Colorado invasive species

Essay by loudpvckHigh School, 12th gradeA-, October 2014

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Colorado invasive species project

In nature a non-native species is one who does naturally occur in a given area. But an evasive species is spread widely in a habitat or an environment, but is not necessarily a non-native species. The impact of non-native species have been huge, both beneficial and hurtful but in the long run, mostly hurtful. Benefits of a non-native species are like when horses were introduced into North America. The horses played such a big part in the colonization of the United States we almost couldn't be here without them. Negatives will rule out the positives though, when inserted into a native food chain like a Fire Ant into Texas, it can throw off the flow of nutrients in that ecosystem. The Fire Ant which is lower in the chain would be harmful to the animals higher in the chain like the Horned Lizard. Although the lizard has a somewhat large preferred prey it is unpalatable for the lizard, and thus has no ants to eat.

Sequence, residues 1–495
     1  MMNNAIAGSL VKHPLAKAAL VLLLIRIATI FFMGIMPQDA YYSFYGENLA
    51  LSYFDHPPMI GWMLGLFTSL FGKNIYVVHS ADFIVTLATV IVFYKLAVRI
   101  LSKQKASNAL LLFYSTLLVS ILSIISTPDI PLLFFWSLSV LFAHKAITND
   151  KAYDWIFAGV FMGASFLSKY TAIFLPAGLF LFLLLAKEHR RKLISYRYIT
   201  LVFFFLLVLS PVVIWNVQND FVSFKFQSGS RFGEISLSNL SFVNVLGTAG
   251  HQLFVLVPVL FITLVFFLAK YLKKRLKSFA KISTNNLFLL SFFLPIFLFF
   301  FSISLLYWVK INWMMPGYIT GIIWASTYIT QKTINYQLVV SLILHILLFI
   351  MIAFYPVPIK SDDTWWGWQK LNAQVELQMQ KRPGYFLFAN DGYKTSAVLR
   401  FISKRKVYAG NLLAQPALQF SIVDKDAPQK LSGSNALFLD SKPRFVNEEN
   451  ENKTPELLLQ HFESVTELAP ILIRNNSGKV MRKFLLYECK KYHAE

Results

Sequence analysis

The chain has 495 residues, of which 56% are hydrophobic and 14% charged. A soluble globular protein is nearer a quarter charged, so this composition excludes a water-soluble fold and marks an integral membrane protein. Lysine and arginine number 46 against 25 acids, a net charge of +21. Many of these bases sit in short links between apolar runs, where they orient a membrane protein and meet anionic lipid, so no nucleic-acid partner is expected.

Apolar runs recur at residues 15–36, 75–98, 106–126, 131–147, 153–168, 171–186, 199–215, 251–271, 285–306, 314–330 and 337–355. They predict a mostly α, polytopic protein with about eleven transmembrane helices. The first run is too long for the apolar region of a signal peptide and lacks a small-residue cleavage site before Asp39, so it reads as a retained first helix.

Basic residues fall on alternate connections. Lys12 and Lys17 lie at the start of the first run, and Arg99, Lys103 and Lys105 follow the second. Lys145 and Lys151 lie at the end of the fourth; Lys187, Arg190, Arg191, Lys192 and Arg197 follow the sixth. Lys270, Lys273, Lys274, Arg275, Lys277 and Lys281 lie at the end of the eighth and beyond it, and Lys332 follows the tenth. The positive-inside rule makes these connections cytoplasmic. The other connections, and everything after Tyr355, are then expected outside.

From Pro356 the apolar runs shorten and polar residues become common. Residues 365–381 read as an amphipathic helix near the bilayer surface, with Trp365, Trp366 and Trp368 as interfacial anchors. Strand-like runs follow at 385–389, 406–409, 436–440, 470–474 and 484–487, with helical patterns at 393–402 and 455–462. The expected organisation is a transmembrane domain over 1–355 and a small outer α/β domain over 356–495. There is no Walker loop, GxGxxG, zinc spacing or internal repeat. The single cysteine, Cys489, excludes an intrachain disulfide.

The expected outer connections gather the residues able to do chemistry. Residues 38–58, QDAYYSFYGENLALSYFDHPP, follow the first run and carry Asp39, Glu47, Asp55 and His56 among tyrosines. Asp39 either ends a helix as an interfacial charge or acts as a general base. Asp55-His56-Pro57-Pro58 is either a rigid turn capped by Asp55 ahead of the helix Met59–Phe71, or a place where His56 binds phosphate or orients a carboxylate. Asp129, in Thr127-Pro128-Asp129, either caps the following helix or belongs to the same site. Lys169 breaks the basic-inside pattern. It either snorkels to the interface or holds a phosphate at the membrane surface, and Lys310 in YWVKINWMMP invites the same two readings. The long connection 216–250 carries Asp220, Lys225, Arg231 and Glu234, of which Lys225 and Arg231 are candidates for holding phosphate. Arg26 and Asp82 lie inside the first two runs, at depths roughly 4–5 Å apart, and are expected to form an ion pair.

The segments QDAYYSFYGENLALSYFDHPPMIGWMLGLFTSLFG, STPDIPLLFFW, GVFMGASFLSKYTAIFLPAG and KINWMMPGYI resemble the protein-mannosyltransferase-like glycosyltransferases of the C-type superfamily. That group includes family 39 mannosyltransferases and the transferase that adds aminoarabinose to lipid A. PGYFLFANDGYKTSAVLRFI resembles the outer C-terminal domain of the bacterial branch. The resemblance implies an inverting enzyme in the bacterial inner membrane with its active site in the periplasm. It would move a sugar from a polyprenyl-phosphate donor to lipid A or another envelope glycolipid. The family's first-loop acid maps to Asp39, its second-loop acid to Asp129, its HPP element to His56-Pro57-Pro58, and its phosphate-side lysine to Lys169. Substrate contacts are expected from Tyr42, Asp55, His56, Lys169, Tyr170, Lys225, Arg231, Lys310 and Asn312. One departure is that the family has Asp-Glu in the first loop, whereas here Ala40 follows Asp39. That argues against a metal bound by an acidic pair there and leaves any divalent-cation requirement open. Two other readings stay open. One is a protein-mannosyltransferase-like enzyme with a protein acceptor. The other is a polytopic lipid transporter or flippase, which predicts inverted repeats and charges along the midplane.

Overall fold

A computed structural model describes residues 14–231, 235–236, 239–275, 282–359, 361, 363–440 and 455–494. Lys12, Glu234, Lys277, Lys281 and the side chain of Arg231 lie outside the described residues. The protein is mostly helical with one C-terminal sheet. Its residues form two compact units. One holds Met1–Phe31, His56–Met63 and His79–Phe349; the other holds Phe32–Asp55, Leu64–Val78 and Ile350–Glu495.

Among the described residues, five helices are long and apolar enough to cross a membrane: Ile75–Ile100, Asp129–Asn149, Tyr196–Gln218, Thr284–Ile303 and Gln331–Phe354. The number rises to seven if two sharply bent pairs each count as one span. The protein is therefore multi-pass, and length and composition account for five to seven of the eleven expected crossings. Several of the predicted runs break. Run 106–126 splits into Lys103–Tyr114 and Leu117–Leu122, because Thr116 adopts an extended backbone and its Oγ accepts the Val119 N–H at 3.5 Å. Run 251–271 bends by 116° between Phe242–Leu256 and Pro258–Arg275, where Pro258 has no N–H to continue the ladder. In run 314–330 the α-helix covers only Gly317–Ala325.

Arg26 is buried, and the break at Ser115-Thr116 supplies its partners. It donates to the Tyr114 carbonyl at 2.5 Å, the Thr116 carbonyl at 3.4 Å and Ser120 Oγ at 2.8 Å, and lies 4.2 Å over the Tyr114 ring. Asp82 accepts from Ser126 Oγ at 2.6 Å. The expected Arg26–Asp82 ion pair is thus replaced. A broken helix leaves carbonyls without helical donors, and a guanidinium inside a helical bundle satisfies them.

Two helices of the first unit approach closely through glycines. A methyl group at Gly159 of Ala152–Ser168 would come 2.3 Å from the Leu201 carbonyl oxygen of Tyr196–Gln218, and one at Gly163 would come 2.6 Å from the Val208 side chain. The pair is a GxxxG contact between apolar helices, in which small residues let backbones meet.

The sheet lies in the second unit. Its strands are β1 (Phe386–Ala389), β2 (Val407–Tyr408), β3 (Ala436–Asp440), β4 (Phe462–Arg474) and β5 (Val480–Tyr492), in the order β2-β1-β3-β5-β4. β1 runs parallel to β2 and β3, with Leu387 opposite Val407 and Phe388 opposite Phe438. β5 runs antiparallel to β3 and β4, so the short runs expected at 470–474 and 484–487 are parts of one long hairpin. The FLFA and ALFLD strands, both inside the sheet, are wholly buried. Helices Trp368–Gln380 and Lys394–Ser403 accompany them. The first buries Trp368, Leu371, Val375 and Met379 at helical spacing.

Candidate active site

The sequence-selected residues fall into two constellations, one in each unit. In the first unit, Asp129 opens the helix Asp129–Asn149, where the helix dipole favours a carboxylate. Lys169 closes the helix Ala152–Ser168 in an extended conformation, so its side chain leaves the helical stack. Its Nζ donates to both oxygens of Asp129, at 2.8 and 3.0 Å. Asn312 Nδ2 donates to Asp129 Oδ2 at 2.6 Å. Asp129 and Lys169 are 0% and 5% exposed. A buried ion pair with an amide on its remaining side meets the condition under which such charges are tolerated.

Non-native plants (like weeds) also have a very big impact overwhelming the native plants and taking over their space, nutrients and water. Managing non-native species is the worst part of it all. These few organisms can cost the USA $137 Billion Annually! Even in 1989 just in Colorado the cost to the wheat farmers was over $24 million. Ways that these organisms can be controlled are biological, ecological, and legislative all of which we are able to do. Biological is a way in which there is a natural enemy introduced. This is normally used when that species has become very dense over an area. It can be a very economical and natural way to do control that species but sometimes it cannot work because of it going after the non-targeted species...